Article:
Fishing in Botswana
Fishing in Botswana – Author Dominic Chadbon
Fishing in Botswana is one of those right-place-right-time experiences. You might enjoy a productive afternoon of fishing on an Okavango Delta lagoon one month and return a few months later to find the water gone and the boats high and dry. And between January and February, fishing is prohibited in Botswana for fish breeding purposes.
But depending where you go and what you’re fishing for, you can enjoy some seriously good fishing in Botswana. You can fish with artificial lures or bait or even go fly-fishing. Some lodges operate a catch and release policy; other lodges will cook your catch for supper. And of course you’re in big game country too: most water-based safari lodges supply fishing gear, offering an exciting mix of game viewing and fishing trips. Get ready to rock and reel: here’s where to go fishing in Botswana – and when.
The Okavango Panhandle
Seen from a satellite, the Okavango Delta resembles a giant frying pan; the Panhandle is as it says it is but in reality it’s the winding, papyrus-fringed Okavango River, running deep and strong and home to Botswana’s most exciting fishing event – the ‘barbel run’.
From August, as floodwaters recede, millions of tiny fish fry are dragged from the safety of shallow floodplains and into the main channels. An army of hungry barbel (catfish) assembles and they drive the baitfish up into the Panhandle and that’s when the fly-fishermen arrive. Tigerfish have joined in the feeding frenzy, and the tigerfish is Africa’s prime freshwater target on fly.
Where to stay: Thanks to its enviable Panhandle location, Nxamaseri Island Lodge offers fishing all year round but keen fishermen should visit in September and October when Nxamaseri offers specialist fly-fishing guides and boats for the barbel run.
Most famous for its game viewing, the Okavango Delta is a great fishing destination in Botswana – if you know where to go. Avoid the safari camps on the fringes of the delta where water levels are seasonal and head for the permanent-water camps. Local guides will take you by motorboat into remote backwaters to fish for the Okavango Delta’s most sought-after species: tigerfish, nembwe, African pike and bream.
Timing is important: the fish breed in shallow water during the delta’s May to August flood season, returning to the main channels from September to March. The Okavango Delta’s best fishing months are September and October when the water is warmest, and it coincides with the region’s best game viewing too – an irresistible combination!
Where to stay: Their secluded tented suites overlooking permanent water, Xugana Island lodge, Camp Okavango and Vumbura Plains are classic ‘deep delta’ camps and offer a blend of game viewing, birding and fishing trips.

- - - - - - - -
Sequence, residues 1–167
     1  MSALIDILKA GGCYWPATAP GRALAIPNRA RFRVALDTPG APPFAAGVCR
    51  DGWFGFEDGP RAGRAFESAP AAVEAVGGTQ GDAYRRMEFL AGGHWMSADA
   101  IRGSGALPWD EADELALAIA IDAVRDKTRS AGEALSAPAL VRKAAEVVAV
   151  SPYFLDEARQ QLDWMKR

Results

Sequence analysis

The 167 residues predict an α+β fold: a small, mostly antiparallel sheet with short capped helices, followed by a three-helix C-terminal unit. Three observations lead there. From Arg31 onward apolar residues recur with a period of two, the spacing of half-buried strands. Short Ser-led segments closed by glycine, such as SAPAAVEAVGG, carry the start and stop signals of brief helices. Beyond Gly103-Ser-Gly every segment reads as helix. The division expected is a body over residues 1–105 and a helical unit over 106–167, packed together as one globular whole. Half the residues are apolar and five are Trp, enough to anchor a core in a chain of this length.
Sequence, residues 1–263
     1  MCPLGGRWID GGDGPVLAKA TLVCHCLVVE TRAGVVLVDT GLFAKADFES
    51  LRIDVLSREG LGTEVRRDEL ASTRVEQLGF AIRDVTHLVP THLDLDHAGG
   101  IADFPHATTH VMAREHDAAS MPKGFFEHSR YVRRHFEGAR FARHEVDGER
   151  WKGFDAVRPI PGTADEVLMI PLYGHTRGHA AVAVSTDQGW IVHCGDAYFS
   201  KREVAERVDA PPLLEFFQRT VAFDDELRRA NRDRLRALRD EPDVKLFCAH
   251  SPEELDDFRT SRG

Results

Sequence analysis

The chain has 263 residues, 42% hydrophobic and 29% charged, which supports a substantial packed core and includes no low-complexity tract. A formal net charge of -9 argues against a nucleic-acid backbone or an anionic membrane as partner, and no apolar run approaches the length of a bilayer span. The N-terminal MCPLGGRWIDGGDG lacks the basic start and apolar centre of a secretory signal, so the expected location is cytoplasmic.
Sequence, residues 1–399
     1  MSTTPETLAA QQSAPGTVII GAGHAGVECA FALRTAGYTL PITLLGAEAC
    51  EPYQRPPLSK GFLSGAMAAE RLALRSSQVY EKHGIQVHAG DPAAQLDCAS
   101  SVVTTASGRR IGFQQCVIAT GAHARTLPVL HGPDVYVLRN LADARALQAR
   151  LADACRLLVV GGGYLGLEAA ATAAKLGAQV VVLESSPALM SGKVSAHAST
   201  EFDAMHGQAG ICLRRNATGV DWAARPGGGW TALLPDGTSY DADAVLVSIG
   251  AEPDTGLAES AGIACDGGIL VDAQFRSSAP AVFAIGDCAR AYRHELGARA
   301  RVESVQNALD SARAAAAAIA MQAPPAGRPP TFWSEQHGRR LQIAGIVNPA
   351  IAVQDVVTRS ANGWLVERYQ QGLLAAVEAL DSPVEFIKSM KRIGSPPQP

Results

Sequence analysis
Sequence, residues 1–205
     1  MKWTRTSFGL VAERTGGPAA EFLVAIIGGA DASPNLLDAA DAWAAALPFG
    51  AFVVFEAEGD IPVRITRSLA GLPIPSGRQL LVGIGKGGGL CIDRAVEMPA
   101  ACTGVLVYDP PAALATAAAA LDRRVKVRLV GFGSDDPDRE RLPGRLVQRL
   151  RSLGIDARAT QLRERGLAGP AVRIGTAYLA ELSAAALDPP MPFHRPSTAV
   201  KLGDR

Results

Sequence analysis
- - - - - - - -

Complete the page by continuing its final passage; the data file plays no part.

Tucked away between the Okavango Delta and the Caprivi Strip, the Linyanti wetlands have only recently opened up to visitors. A maze of permanent rivers and seasonal floodplains, the region is one of Botswana’s prime game viewing destinations with its accommodation limited to a handful of camps set near rivers.
Fishing in the Linyanti is a strictly seasonal affair, generally limited to the May to August flood season. Although the area isn’t renowned for its tigerfish, there are plenty of bream to get the fishing line zinging.
Where to stay: Kings Pool and Savuti Camp enjoy an exclusive setting in the Linyanti Private Reserve. Game drives are the focus here but fishing trips are offered in high-water. Operating on a catch and release basis, each camp has a small stock of basic rods and reels but fly-fishing equipment is something that guests need to supply themselves.
Forming the border between Botswana and Namibia, the deep waters of the Chobe River hide tigerfish that grow up to 20lbs. Little wonder that the Chobe draws anglers from all over the world, especially during the May to October dry winter when river teems with baitfish. Flushed from their summer hiding places by receding water levels, the small fish are easy targets for Chobe’s tigerfish.
Visit in May, June and July to spin and fly-fish for tigers, or in August or September for the excitement of the Chobe’s barbel run.
Where to stay: Lodges on both sides of the river organise fishing trips but keen anglers should choose a specialist. Chobe Savanna Lodge in Namibia offers not just a fishing manager but also the chance to stay at a fishing camp on Sekoma Island, deep in tiger country. And from their mid-stream vantage point, Chobe Princess Houseboats provide motorboats with fishing guides.
Read: Info on the Chobe NP
Fishing in Botswana
Fishing in Botswana can easily be experienced with Safari Online: choose one of our tours and safaris that include these destinations or simply ask us to customise a tour for the best fishing experience. Chobe River Houseboats use small motor boats and specialist guides for fishing trips. Nothing beats the smile of an angler who’s just landed a big tiger!